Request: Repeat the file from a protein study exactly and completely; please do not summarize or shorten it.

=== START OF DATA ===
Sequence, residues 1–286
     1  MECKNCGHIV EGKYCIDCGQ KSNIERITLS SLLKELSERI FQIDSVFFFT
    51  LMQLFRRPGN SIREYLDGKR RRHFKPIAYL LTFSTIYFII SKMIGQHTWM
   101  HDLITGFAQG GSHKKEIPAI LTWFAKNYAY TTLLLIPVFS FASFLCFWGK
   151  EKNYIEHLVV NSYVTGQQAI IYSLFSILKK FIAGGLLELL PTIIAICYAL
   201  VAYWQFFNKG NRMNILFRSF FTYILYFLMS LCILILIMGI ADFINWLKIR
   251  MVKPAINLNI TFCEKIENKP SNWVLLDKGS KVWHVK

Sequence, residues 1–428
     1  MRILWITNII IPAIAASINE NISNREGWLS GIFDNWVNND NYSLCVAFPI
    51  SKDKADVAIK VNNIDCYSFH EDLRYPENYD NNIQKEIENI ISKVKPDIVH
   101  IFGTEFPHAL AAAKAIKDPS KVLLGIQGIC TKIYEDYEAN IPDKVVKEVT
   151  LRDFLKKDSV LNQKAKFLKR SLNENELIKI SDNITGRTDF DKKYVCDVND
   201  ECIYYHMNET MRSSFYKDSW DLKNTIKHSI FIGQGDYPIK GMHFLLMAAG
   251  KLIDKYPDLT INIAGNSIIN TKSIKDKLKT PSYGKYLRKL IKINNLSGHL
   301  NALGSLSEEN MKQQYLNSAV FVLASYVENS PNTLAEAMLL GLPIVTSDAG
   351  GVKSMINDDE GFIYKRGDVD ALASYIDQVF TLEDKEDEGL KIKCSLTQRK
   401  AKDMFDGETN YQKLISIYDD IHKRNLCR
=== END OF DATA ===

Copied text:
Sequence, residues 1–286
     1  MECKNCGHIV EGKYCIDCGQ KSNIERITLS SLLKELSERI FQIDSVFFFT
    51  LMQLFRRPGN SIREYLDGKR RRHFKPIAYL LTFSTIYFII SKMIGQHTWM
   101  HDLITGFAQG GSHKKEIPAI LTWFAKNYAY TTLLLIPVFS FASFLCFWGK
   151  EKNYIEHLVV NSYVTGQQAI IYSLFSILKK FIAGGLLELL PTIIAICYAL
   201  VAYWQFFNKG NRMNILFRSF FTYILYFLMS LCILILIMGI ADFINWLKIR
   251  MVKPAINLNI TFCEKIENKP SNWVLLDKGS KVWHVK

Sequence, residues 1–428
     1  MRILWITNII IPAIAASINE NISNREGWLS GIFDNWVNND NYSLCVAFPI
    51  SKDKADVAIK VNNIDCYSFH EDLRYPENYD NNIQKEIENI ISKVKPDIVH
   101  IFGTEFPHAL AAAKAIKDPS KVLLGIQGIC TKIYEDYEAN IPDKVVKEVT
   151  LRDFLKKDSV LNQKAKFLKR SLNENELIKI SDNITGRTDF DKKYVCDVND
   201  ECIYYHMNET MRSSFYKDSW DLKNTIKHSI FIGQGDYPIK GMHFLLMAAG
   251  KLIDKYPDLT INIAGNSIIN TKSIKDKLKT PSYGKYLRKL IKINNLSGHL
   301  NALGSLSEEN MKQQYLNSAV FVLASYVENS PNTLAEAMLL GLPIVTSDAG
   351  GVKSMINDDE GFIYKRGDVD ALASYIDQVF TLEDKEDEGL KIKCSLTQRK
   401  AKDMFDGETN YQKLISIYDD IHKRNLCR